During the first quarter, rare disease patient Chloe Hunt from Alagille Syndrome Alliance, along with her mother and 14-year-old twin sister, joined the teams on the field and were recognized.

Prior to the game Chloe and her family were given a tour of the Western Michigan football facilities and were also able to meet the Syracuse players and coaching staff in the tunnel before warm-ups.

The game itself was a tale of two halves, as the Orange raced out to a comfortable 27-point halftime lead before the Broncos put together a furious second-half rally that made Syracuse insert starting quarterback Eric Dungey back into the game.

Western Michigan had no answer for Dungey, as the senior rang up 384 total yards of offense and three touchdowns. His 200 rushing yards was a single-game school and ACC record for yards on the ground by a quarterback and earned Dungey the Uplifting Athletes Rare Performance of the Week.

Penn State: The Nittany Lions used a little veteran savvy from quarterback Trace McSorley and the playmaking ability of newcomer K.J. Hamler to escape the legitimate upset bid of Appalachian State with an improbable overtime victory. Seven plays after Hamler returned a kickoff 52 yards, McSorley hit the redshirt freshman for a 15-yard touchdown pass inside the final minute to force overtime.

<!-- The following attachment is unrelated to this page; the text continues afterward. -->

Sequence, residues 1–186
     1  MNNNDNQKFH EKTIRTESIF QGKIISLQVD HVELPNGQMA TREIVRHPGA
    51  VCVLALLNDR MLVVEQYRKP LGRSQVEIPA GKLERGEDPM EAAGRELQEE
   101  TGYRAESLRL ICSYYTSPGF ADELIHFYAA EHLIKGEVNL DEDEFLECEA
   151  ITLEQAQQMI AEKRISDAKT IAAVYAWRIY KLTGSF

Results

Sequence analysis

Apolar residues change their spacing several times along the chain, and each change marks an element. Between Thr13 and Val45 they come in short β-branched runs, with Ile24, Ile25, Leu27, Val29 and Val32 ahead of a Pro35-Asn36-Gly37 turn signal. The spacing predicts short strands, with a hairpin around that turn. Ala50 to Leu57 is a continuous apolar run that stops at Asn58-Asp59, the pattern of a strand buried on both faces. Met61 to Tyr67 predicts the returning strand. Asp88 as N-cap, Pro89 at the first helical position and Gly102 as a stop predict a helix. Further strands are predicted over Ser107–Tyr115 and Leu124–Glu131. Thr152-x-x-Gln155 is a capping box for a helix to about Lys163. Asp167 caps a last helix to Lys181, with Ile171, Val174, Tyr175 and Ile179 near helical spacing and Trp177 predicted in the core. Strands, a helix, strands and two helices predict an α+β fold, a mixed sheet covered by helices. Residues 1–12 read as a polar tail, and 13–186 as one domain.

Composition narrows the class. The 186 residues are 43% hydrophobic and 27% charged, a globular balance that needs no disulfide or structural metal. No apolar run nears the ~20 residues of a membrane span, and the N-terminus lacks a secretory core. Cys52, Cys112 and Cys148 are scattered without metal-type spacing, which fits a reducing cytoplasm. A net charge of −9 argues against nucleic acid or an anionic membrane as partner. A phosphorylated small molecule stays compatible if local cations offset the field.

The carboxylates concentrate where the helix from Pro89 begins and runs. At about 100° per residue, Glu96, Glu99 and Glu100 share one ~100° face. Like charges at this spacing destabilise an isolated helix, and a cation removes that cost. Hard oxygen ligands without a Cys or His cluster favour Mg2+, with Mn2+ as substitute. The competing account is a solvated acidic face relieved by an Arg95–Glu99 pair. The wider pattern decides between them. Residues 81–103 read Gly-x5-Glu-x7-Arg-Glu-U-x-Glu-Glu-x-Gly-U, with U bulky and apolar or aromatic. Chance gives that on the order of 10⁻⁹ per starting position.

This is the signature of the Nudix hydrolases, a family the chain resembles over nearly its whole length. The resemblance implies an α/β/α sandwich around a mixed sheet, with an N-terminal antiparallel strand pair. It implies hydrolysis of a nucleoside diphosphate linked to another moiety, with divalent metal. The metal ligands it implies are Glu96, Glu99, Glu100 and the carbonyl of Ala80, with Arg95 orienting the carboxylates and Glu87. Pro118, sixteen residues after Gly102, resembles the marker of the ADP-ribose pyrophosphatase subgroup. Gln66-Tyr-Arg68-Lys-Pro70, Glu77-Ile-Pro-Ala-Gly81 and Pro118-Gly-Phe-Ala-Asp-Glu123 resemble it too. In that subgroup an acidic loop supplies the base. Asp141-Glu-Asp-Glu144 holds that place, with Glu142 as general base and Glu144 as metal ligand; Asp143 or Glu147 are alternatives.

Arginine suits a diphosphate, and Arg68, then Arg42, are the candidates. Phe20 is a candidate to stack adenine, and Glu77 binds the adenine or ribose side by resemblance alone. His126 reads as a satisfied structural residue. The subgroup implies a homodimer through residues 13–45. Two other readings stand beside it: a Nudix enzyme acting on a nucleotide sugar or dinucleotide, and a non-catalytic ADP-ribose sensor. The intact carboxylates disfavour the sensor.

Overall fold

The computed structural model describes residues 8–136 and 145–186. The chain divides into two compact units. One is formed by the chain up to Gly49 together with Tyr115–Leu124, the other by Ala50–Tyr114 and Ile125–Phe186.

Northwestern: Strong first-half performances by running back Jeremy Larkin and quarterback Clayton Thorson allowed the Wildcats to score all 31 of their points in the first half to hold off Purdue on the road. Northwestern winning another close game is no real surprise.

Illinois: Behind the stellar second-half by dual-threat quarterback AJ Bush the Fighting Illini rallied from a 14-point halftime deficit to edge Kent State for its 21st consecutive victory in the home opener. Bush finished with 329 of the Illin’s 469 total yards (190 passing and 139 rushing). Reggie Corbin’s 1-yard plunge with 10:39 to play was the difference.

Notre Dame: The Fighting Irish landed some big-play haymakers early and built a 21-10 lead then turned it over the Notre Dame defense to slam the door on Michigan in a marquee Week 1 match-up. The ND defense limited Michigan to 307 total yards and forced a pair of key turnovers. Te’von Coney and Khalid Kareem combined for 19 tackles, three tackles for loss and two sacks to pace the Fighting Irish defense.